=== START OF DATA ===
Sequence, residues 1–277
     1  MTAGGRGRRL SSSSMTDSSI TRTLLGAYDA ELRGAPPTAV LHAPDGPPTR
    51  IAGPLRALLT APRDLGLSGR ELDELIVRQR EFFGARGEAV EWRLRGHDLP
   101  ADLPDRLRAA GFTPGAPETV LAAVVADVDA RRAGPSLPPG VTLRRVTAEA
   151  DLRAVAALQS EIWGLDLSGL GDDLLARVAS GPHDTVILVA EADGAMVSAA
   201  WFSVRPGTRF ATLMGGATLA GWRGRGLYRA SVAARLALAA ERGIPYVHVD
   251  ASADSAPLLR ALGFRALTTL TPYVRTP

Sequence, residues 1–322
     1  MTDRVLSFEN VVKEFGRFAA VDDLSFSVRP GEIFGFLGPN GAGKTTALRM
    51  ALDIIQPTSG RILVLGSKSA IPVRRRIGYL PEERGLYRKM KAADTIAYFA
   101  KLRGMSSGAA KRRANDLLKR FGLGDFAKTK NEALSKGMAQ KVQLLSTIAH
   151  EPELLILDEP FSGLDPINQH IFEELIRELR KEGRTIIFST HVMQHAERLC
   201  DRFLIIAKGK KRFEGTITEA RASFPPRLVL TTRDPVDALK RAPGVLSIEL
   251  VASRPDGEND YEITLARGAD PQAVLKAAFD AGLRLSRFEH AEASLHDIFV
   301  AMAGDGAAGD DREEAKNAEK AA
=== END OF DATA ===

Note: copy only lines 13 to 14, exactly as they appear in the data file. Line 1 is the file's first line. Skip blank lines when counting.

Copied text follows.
   201  DRFLIIAKGK KRFEGTITEA RASFPPRLVL TTRDPVDALK RAPGVLSIEL
   251  VASRPDGEND YEITLARGAD PQAVLKAAFD AGLRLSRFEH AEASLHDIFV